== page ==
Breaking News Emails
ATLANTA — After a difficult 2016 campaign that saw them lose the White House, both chambers of Congress and state houses across the country, Democrats elected Tom Perez on Saturday to lead the Democratic National Committee and rebuild the party.
Perez, the former labor secretary in the Obama administration, won in a second round of voting and was considered the heavy favorite of the Democratic establishment. He earned 235 votes from the 447 DNC members — the voting bloc that decides the chairmanship.
"Team Tom means 'team,'" Perez said at the 2017 Winter DNC Meeting in Atlanta. "And as a team, we will work together."
Minnesota Congressman Keith Ellison, the preferred candidate of the Bernie Sanders wing of the party, came in second, earning 200 votes in the second round of votes.
Ellison said it was necessary to unite behind Perez for the party to move forward, and was appointed the party's deputy chairman.
"We don’t have the luxury, folks, to walk out of this room divided," Ellison said. "We don’t have that luxury, and I just want to say to you that it’s my honor to serve this party under Chairman Perez."
The other five candidates dropped out of the race before the second round of votes.
Mayor Pete Buttigeig of South Bend, Indiana, did not make it to the voting process, announcing during his nomination speech earlier Saturday that he would be exiting the race. Buttigeig, 35, built a national profile as an emerging dark horse in the race for the chairmanship with the backing of former DNC Chairman Howard Dean.
"It looks like I’m not going to be the next chair," Buttigeig said. “But whoever is, I am urging to do the things that must be done to be open to change, to look beyond Washington, to not treat the presidency like it’s the only office that matters, to pay attention to communities like ours in the heart of our country — not as an exotic species — but as your fellow Americans."
The former Naval intelligence officer campaigned on the idea that the aging Democratic Party needs to empower its millennial members.
The 447 members of the Democratic National Committee voted Saturday afternoon, gathering in a ballroom to cast their ballots for chair and other party officer positions. Half ballots were given to Democrats voting abroad.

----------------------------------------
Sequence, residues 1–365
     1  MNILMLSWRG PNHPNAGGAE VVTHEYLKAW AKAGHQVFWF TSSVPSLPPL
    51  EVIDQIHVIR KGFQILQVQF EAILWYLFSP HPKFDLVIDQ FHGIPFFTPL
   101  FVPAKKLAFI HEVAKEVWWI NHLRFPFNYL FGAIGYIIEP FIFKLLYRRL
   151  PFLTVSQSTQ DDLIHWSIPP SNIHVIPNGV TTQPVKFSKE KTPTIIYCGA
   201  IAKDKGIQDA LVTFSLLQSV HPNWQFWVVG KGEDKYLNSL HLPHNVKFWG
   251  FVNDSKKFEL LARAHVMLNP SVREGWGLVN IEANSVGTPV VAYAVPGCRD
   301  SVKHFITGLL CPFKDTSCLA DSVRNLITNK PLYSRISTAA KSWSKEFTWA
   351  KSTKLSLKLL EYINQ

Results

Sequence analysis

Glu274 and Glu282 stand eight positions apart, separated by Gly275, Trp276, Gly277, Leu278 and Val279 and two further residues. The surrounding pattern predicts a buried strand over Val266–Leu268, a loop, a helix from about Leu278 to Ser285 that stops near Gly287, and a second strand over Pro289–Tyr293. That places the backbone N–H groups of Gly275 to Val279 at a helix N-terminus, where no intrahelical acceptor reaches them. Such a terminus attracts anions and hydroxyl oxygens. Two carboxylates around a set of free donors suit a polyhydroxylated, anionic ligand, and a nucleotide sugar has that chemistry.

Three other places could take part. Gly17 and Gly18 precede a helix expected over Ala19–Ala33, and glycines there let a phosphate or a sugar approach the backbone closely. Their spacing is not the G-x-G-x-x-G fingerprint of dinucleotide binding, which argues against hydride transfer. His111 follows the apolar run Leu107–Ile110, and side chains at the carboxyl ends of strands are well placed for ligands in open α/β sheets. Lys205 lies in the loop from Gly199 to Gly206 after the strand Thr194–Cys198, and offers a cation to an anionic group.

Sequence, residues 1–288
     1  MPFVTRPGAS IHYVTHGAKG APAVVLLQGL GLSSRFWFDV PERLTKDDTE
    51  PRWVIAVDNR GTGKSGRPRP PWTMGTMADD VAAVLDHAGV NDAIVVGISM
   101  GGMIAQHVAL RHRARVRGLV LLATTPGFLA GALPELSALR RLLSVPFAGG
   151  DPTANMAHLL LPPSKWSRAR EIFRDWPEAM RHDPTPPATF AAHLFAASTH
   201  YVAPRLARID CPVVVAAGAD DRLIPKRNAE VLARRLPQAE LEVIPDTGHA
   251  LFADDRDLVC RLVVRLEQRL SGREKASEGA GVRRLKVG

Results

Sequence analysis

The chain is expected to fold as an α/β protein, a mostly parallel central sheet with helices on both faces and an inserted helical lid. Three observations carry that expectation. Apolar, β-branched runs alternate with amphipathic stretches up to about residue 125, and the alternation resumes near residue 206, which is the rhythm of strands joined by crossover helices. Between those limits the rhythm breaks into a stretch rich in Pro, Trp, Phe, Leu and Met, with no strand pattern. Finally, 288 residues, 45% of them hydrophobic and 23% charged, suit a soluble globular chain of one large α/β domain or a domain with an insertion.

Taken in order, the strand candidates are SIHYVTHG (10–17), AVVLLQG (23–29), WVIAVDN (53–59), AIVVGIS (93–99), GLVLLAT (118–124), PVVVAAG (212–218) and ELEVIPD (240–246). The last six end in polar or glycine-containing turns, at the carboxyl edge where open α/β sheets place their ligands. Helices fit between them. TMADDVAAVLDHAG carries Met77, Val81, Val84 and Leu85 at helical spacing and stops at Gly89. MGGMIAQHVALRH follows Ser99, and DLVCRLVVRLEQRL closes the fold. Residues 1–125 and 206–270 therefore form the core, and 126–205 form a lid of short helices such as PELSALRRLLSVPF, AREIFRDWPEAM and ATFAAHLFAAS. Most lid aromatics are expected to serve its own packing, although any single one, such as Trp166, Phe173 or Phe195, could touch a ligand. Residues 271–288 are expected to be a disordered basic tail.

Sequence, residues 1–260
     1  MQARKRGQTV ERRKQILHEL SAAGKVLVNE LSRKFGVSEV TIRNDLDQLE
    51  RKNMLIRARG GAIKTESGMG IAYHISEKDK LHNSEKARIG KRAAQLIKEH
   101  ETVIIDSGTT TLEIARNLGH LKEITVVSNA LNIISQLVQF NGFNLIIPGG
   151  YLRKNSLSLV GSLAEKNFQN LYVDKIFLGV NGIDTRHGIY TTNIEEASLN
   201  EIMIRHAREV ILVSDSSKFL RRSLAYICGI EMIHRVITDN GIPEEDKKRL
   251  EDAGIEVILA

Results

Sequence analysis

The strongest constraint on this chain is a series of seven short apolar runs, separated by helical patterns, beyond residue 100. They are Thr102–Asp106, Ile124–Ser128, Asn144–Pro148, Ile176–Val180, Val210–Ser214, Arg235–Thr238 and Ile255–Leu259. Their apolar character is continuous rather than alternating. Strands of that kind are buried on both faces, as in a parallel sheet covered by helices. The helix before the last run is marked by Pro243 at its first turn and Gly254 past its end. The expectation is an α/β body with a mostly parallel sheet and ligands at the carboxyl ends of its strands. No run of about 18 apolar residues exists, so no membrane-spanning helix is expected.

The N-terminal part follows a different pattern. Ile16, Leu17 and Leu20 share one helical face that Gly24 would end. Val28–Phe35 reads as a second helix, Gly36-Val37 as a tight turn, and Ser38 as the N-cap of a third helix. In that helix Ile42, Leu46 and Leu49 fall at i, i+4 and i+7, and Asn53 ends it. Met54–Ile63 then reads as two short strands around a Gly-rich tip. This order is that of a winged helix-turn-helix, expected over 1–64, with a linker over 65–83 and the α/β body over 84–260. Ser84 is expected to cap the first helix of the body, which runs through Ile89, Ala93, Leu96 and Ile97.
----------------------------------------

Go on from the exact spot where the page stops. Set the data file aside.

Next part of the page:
Perez is taking over from Interim DNC Chair Donna Brazile, who stepped into the role after the resignation of Rep. Debbie Wasserman Schultz last summer.
"While it will be bittersweet for me to leave this job and this tremendous organization, I’m confident that the future of the Democratic Party will be in good hands with Tom Perez," Brazile said in a statement. "And I want to congratulate all of the candidates for a race well run.”
On the eve of Saturday's election, Perez forces were feeling confident as they told Democrats they had pulled ahead, buoyed by the late endorsement of Jaime Harrison, the chairman of the South Carolina Democratic Party, who quit the chairman’s race Thursday to endorse Perez.
"We’re going to be unified and we’re going to get this thing done on the first ballot,” Harrison had told supporters Friday night.
After the second round of votes brought Perez the victory, Vermont Sen. Bernie Sanders offered his endorsement to the newly elected chair but added that Perez would need to be forward-thinking as the Democrats' new leader.
President Barack Obama congratulated Perez in a statement, adding "I'm proud of all the candidates who ran, and who make this great party what it is."
"Over the past eight years, our party continued its track record of delivering on that promise: growing the economy, creating new jobs, keeping our people safe with a tough, smart foreign policy, and expanding the rights of our founding to every American including the right to quality, affordable health insurance," Obama said. "That's a legacy the Democratic Party will always carry forward.
"I know that Tom Perez will unite us under that banner of opportunity, and lay the groundwork for a new generation of Democratic leadership for this big, bold, inclusive, dynamic America we love so much."
The DNC's chief fundraiser, Henry Munoz, who is running unopposed for reelection as Finance Chairman, gave Perez a final boost late Friday with his endorsement after remaining neutral throughout the race.
After a four-month election, candidates in all camps spent the closing days saying whoever won the chair’s race need to heal the rift between the party’s establishment wing, represented by Perez, and anti-establishment side, which has rallied behind Ellison.
Candidates campaigned up until the last minute, buttonholing undecided DNC members at a hotel bar after midnight and host parties with live bands and free food.
Ringers were flown in to give candidates a final boost with the dwindling number of voters still not aligned with either candidate.
New York City Mayor Bill de Blasio towered over DNC members as he pressed his case for Ellison. "Keith Ellison is a man of destiny," he told them. "This is not an optional situation. We need Keith Ellison."
Meanwhile, Valerie Jarrett, the longtime confidant of former president Obama, phoned DNC members to support Perez, while Los Angeles Mayor Eric Garcetti reinforced Perez’ troops on the ground.